Indian shrimp aquaculture grew substantially in 2009-10 due to higher contributions from Andhra Pradesh and Tamil Nadu. (Photo: GPLv3)
Aquaculture output up by 30 pct
Monday, May 24, 2010, 23:30 (GMT + 9)
Aquaculture production grew by over 30 per cent during the 2009-10 financial year due significantly to higher output in Andhra Pradesh and Tamil Nadu. Total production reached 106,000 tonnes and exports also increased, the Marine Product Exports Development Authority (MPEDA) informed.
Aquaculture production and exports may also jump this fiscal year, as coastal farms are launching vannamei farming in 1,170 ha, said Anwar Hashim, national president of the Seafood Exporters Association of India (SEAI).
Production in coastal aquaculture fell in 2008-9 at 88,803 tonnes with an estimated value of INR 19.15 billion (USD 406.6 million), according to MPEDA. Aquaculture spanning 108,000 ha bred 75,997 tonnes of shrimp.
The decline was around 28.4 per cent in production and 10.9 per cent in area compared to the year prior, Financial Express reports.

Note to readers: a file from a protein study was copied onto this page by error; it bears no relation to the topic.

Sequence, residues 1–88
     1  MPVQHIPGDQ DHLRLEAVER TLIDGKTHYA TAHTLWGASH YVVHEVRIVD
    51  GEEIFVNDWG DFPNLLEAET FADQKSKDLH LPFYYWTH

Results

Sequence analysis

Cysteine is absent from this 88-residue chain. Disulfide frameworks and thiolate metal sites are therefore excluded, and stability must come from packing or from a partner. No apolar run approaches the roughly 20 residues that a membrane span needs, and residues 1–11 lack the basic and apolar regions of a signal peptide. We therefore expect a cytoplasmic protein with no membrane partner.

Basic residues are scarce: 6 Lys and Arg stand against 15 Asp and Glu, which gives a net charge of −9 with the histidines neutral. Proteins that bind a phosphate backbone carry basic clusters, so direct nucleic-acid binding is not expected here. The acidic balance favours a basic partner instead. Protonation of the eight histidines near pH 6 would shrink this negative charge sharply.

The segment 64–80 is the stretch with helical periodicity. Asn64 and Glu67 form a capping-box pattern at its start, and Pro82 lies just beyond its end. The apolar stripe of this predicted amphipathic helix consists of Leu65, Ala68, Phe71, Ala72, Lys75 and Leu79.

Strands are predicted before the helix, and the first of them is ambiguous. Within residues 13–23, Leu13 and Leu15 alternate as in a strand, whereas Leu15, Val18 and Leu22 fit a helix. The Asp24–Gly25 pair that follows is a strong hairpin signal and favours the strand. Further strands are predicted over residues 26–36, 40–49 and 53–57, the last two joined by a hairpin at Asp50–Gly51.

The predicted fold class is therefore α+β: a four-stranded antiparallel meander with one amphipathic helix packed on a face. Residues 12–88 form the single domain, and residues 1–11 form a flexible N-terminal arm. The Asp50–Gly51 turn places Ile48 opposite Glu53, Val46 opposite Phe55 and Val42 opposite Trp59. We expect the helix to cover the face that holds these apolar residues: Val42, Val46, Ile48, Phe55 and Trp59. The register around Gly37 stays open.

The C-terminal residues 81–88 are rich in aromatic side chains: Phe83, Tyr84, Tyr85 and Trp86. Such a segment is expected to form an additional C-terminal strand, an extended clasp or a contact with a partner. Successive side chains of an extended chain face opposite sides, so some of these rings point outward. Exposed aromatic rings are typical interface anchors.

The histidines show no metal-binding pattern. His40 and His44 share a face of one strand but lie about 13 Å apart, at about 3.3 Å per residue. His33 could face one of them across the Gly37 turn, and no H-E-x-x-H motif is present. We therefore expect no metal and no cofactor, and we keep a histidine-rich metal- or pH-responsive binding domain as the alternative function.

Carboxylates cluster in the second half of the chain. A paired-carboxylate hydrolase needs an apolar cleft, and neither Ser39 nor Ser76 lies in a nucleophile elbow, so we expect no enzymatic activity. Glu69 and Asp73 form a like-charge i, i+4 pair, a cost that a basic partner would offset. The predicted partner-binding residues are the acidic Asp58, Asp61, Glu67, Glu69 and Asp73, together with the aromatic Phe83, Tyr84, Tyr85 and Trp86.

Freshwater prawn (scampi) production was 12,806 tonnes from an aquaculture area of 1,644 ha during the year -- a 53 per cent- fall in production and 63 per cent in area use. The drop in production was ascribed to the global economic recession, which spawned lower international seafood prices and for shrimp in particular.
Further, the profitability and production of Indian black tiger shrimp is being adversely impacted by competition from cheaper vannamei farmed in Thailand, Vietnam and Indonesia, among other Asian countries, MPEDA said.
India mostly raises black tiger shrimp and processing plants are currently running at just about 30 per cent capacity. Asian export rivals have been boosting their shrimp production.
Black tiger shrimps are more expensive to raise yet have lower yields than vannamei. According to SEAI, the cost of production for vannamei is USD 2.29 per kg, or half that for black tiger shrimp.
Farmers can raise 20 tonnes of small-to-medium vannamei per ha versus 2-3 tonnes of large monodon per ha. Additionally, shrimps’ survival rate in most of farms is just about 40 per cent due to shrimp diseases still ravaging black tiger farms.
Meanwhile, the survival rate of vannamei approaches 95-98 per cent.
But the price of this farmed species is at least 15 per cent higher than vannamei’s in the global market.
- White prawns to be cultivated in 2010
By Natalia Real